Katherine Schwarzenegger has experienced firsthand what those in the rescue industry call a “foster fail.” That is, one who decides to foster a rescue dog but instead decides to adopt him.
In Schwarzenegger’s case, the dog’s name is Maverick, who has not only become a lifelong member of her family, but is also the inspiration for her first children’s book, “Maverick and Me.”
Schwarzenegger, the older daughter of actor and former California Gov. Arnold Schwarzenegger and journalist Maria Shriver, got her start rescuing dogs by chance. She and her sister happened upon a pet store looking for people willing to foster dogs. They ended up taking home about eight puppies, she said, and converted their mom’s garage into a kennel. She didn’t know then that her experience, and later, her bond with Maverick, would lead to her writing a book.
“I saw the way that kids reacted to seeing my dog and they were so fascinated they could get a dog with a story,” said Schwarzenegger, who lives in Los Angeles.
“Maverick and Me” follows the story of a dog who is rescued (like the real-life Maverick) from the freeway through his journey to finding his forever home.
Schwarzenegger, who is also an ASPCA ambassador, said she wrote the book to show children — and their parents — that there’s more than one journey to getting a pet.
“Adopting a puppy or dog is an incredible opportunity that kids don’t know much about,” she said. “This book celebrates adoption and introduces the concept to kids so that when they get their first dog, they choose to adopt and not shop.”
She said she also wants to help dispel some misconceptions people may have about rescue animals.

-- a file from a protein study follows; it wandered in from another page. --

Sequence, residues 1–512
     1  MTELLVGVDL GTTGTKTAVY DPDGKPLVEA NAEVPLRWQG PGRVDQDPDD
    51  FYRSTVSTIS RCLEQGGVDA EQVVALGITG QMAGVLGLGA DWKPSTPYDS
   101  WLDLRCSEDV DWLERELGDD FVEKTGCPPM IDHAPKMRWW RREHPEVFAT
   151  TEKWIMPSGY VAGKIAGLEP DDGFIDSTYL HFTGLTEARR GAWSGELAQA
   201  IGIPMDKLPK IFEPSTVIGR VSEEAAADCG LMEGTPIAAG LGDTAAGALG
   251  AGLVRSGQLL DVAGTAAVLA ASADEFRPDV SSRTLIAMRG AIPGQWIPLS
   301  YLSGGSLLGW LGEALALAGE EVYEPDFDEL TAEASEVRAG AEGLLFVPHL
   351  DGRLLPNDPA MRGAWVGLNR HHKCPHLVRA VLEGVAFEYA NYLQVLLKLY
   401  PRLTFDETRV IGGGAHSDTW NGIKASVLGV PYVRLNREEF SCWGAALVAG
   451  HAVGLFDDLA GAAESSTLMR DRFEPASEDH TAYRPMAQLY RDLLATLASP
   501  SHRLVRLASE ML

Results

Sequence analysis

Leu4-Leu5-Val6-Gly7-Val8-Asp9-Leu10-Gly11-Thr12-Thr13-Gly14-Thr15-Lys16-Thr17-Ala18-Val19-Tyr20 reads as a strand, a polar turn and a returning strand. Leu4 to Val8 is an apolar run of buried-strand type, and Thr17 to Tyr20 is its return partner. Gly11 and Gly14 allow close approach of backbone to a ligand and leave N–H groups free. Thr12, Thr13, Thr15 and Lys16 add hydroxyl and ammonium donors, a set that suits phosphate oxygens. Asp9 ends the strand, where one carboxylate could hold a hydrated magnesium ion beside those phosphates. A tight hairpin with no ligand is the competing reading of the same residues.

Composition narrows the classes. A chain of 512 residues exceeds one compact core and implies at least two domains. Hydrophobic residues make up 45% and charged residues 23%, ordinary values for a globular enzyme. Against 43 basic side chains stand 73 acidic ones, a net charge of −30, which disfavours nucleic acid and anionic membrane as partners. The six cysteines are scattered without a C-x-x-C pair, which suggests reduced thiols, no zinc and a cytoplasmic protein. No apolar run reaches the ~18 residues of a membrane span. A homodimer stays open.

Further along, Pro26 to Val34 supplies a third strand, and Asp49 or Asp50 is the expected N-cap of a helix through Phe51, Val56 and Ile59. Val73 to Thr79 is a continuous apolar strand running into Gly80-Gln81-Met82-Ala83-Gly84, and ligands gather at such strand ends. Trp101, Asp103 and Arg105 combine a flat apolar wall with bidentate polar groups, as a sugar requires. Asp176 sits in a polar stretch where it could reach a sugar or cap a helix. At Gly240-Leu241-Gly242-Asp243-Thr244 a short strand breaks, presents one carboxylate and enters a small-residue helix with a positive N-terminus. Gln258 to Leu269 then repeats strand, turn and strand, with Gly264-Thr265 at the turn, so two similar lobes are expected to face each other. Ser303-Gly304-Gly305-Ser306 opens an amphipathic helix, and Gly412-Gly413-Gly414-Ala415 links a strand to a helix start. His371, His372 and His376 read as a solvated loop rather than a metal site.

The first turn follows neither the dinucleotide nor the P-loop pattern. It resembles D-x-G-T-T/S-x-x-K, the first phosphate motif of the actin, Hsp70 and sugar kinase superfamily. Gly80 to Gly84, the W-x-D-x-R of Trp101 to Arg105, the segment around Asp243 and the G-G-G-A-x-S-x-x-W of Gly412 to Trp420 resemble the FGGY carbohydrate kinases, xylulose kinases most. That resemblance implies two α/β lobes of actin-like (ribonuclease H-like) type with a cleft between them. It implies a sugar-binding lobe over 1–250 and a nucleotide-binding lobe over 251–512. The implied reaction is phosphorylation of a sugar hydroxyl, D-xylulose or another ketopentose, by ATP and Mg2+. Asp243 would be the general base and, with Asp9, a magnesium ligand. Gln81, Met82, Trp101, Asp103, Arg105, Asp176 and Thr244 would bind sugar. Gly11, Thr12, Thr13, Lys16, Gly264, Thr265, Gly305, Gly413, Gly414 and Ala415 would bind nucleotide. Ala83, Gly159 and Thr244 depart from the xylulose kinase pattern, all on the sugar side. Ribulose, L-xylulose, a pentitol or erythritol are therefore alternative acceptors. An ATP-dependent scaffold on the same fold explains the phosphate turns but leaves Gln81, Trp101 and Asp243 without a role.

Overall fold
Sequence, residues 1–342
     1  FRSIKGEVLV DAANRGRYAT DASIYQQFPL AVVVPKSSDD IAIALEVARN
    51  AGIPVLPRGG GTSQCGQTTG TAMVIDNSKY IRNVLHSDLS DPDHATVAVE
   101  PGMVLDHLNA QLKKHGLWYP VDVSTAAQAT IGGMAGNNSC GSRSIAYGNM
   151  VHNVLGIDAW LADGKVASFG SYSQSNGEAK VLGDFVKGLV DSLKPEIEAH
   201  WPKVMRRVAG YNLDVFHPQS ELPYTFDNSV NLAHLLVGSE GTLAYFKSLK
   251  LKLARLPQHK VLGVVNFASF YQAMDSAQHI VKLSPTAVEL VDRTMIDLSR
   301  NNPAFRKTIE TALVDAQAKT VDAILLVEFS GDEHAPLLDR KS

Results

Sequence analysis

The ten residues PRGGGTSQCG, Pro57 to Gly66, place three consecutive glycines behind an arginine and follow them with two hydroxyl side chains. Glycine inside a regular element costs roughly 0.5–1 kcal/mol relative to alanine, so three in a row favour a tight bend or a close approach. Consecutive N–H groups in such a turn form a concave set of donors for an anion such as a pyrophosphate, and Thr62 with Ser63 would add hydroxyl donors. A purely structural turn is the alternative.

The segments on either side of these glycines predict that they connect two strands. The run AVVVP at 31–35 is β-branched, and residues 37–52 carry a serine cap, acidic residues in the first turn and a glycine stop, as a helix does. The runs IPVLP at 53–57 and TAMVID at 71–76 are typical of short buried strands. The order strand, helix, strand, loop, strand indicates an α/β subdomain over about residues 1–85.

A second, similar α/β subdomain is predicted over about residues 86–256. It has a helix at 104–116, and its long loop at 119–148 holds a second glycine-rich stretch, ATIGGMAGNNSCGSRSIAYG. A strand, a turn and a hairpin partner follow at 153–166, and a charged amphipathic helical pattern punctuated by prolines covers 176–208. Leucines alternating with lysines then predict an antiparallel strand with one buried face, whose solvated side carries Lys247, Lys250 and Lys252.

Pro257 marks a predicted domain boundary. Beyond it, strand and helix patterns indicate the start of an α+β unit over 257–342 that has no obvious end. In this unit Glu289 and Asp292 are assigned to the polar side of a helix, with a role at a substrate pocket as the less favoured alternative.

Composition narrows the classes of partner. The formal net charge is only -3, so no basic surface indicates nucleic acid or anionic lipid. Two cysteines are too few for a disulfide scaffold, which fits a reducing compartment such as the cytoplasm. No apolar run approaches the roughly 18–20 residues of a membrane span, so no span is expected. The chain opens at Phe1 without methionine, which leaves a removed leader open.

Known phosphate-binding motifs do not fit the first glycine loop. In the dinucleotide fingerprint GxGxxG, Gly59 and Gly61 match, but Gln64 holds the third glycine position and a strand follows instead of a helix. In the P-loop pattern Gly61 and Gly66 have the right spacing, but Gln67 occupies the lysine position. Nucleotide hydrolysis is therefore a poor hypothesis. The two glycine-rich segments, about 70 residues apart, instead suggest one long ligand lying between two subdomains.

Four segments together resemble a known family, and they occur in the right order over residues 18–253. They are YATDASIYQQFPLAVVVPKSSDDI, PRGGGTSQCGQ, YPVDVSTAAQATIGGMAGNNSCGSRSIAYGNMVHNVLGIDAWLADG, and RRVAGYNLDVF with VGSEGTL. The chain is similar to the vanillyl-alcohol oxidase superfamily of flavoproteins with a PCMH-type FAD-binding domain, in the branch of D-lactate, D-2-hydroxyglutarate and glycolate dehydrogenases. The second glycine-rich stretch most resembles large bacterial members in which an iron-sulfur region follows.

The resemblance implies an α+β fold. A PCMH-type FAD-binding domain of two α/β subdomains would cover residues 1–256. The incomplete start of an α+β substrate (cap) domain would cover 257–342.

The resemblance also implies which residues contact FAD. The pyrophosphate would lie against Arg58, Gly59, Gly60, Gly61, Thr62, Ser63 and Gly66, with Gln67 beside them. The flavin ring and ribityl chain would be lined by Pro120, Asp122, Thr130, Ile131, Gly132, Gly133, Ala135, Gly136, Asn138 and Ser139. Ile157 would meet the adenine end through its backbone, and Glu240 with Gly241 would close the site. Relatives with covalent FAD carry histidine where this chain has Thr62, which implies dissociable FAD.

“You can’t get a little puppy. You can’t get a fluffy dog. You can only get dogs with behavioral problems,” she said, ticking off some of those misconceptions. In fact, rescue groups often have a variety of pets, including puppies and both purebred and mixed breeds.
Some groups focus on rescuing specific breeds — like miniature pinschers, pit bulls or greyhounds – while still others may take in animals of a specific size, age or health condition. The Atlanta metro area alone has hundreds of pet rescue organizations looking to find forever homes for dogs and cats, and even horses, pigs and some exotic animals.
For those who are unsure about whether a pet is right for their home, Schwarzenegger said local rescue groups offer a variety of options, including donating food or items, volunteering to walk dogs and holding food drives. Animal lovers can also opt to foster a pet, which can also help determine what kind of pet would best suit their home and lifestyle.
Schwarzenegger said she hopes the book will encourage families to find and bond with their own “Maverick.”
“For kids, their first pet is such a big deal. It’s something you remember your entire life.”